Just like my broken in, comfy recliner at home, seats can get too comfortable. You can grow complacent. In his Lunch with a Leader Program, my friend and Pastor Mike Linch said something that stuck with me, “you never drift into good health.” That is so true! We must work out, eat better, and go to the doctor to achieve better health.  Sitting in the recliner does nothing for my health, other than make me take naps!

Leaders must show good stewardship of the seat they serve in and guard against getting too comfortable. You will fail your people and the organization.

Build Depth with Future Seat Holders

It is a personal pet peeve of mine, but I struggle when someone does not want to hire someone because they are, “overqualified and will not stay long.” The “will not stay long” is an assumption, and a poor one at that. Here is what I have learned over time. Hire the best person for the position, love and care for them, and there is a good chance they will remain with your organization. You can either have and extraordinary someone for a shorter season than stuck with an ordinary one for a long time. Far too often, whether it subscribing to this mindset or just insecurity, leaders can miss the right person.

One thing that helped in my transition is that we had built a team with multiple people that could sit in my seat as Parks, Recreation, and Community Director. We had built depth in the organization. It can make for tough decisions, but it makes for great organizations. We now have someone in my old seat that will grow the organization further than I ever could.  The depth created that capacity.

Prioritize the Recliner

What? Yeah, the recliner. That comfy recliner is located at home.  We cannot allow the seat at work to take priority over our position at home.  The struggle is real.  Work/life balance is something that my heart wrestles with a lot.  The better leader we are at home, the better leader we are in the workplace.  You can be a good leader at work without being a good leader at home, but leaders that are good at home make great leaders at work.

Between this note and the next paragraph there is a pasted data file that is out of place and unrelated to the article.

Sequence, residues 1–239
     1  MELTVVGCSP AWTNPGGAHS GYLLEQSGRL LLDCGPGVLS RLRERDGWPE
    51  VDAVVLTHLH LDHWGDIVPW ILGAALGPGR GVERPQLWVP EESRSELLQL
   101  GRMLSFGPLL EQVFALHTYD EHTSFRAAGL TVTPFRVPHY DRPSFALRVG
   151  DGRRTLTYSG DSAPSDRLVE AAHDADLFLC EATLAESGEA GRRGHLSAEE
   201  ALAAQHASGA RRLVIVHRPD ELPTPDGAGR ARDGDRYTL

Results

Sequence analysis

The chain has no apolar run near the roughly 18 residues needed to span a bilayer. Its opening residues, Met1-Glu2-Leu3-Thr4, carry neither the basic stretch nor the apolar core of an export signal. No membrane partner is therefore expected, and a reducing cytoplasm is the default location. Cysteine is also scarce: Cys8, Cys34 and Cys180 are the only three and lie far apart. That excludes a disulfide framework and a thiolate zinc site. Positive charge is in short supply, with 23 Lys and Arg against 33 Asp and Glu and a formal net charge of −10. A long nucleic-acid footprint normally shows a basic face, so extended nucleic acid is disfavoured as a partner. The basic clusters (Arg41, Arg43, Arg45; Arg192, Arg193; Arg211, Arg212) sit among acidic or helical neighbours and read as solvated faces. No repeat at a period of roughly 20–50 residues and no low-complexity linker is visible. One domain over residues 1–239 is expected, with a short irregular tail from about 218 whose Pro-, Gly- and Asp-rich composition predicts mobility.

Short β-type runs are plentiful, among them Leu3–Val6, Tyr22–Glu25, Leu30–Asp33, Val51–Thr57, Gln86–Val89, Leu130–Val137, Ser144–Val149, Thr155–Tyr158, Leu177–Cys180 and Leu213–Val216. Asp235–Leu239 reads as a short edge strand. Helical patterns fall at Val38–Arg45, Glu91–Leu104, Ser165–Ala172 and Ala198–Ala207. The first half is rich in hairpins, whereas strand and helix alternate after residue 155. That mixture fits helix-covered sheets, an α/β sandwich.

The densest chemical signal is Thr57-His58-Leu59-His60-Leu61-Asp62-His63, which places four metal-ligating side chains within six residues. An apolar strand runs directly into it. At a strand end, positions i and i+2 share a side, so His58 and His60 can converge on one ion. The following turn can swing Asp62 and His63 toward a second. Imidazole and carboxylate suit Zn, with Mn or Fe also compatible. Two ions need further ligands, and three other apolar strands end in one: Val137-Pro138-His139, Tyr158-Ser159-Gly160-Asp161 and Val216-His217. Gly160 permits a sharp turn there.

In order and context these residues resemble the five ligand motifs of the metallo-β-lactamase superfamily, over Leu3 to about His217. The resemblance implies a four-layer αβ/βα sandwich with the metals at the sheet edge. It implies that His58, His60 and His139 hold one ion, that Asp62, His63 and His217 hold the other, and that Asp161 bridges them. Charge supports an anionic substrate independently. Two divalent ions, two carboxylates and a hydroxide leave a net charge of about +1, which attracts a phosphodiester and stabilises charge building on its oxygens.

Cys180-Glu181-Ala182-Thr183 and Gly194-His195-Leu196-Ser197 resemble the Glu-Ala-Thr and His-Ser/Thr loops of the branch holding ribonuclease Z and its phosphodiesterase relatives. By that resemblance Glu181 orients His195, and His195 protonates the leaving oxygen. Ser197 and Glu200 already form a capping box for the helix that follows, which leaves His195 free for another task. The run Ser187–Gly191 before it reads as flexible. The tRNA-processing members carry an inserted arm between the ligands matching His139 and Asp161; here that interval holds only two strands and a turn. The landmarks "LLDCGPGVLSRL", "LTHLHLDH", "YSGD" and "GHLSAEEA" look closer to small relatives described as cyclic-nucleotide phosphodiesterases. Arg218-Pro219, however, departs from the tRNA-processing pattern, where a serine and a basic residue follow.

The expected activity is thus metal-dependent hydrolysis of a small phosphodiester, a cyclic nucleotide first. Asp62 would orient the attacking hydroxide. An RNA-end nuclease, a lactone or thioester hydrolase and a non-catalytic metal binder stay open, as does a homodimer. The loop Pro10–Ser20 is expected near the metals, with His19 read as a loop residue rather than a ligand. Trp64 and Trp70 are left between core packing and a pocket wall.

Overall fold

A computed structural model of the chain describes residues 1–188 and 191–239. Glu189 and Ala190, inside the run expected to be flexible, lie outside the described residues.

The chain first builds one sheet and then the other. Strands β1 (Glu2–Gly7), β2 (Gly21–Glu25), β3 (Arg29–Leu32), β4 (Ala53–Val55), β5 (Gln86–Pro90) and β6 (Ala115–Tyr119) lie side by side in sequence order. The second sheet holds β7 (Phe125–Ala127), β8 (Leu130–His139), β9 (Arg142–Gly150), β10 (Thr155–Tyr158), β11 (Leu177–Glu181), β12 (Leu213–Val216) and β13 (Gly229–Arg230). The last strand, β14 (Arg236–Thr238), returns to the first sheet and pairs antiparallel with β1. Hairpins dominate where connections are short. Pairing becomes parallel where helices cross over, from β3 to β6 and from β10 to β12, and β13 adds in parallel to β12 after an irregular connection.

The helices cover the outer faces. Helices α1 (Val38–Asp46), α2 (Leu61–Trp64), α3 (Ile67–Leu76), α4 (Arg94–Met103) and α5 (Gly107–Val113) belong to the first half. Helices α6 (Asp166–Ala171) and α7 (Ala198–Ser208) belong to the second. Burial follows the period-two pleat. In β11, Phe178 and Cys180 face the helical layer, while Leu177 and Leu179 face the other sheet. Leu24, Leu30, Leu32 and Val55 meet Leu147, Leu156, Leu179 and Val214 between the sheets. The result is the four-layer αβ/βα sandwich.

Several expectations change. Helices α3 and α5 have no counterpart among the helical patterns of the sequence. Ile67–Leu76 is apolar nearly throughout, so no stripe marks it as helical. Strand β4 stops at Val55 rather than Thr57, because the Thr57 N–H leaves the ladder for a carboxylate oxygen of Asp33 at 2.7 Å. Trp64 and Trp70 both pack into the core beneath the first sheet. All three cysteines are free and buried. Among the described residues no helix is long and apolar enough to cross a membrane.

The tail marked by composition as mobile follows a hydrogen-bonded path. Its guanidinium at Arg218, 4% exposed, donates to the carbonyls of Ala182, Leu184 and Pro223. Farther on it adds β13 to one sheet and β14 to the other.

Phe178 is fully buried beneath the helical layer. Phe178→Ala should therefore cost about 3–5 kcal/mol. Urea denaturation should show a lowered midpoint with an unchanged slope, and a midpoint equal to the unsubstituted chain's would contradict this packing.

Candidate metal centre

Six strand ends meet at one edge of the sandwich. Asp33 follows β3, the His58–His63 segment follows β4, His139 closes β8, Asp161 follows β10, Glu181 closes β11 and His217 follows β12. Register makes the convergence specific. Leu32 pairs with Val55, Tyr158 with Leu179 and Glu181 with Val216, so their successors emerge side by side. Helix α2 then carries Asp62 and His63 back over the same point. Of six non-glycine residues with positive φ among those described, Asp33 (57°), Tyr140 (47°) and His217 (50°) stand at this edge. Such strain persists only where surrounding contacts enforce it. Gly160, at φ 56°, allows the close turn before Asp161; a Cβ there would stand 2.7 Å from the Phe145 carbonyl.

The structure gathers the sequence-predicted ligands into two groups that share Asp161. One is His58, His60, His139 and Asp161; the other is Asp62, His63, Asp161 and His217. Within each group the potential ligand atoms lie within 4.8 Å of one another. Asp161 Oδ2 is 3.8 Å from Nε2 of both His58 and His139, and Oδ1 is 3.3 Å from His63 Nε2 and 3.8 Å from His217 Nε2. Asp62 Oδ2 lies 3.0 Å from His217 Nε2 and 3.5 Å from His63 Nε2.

Here is a seat that you cannot ever be replaced in.  Your position as father, mother, son, daughter, grandfather, or grandmother.  Take great pride in that seat, be possessive of it, and cling to that one for all it is worth. 

Stewardship of the Seat Conclusion

Home ownership is one of the American dreams. Ownership means little without stewardship.  If I fail to properly maintain and care for the house while I am the steward of it, it will be beneficial to no one in the future.  As sad as it is to think about it, someone else will raise a family in our house one day.  The better stewards we are of it, the better it will make someone else’s life later.  A generation we may never see. 

When we look at life and leadership from the perspective of stewardship, it becomes more about others.  It humbles us, because we realize we are not as important as we think we are.  It shifts the focus from controlling the now to preparing for the future.  Be the best steward of your leadership seat while you better others and the world you live in.  If your perspective shirts to knowing that the stewardship of the seat matters, you will do great things.    

Ordinary to Extraordinary Intersection

Do I understand that someone else will sit in my seat some day? Is my seat comfortable or is it uncomfortable?  Am I preparing people to sit in my seat one day?  Is home my priority?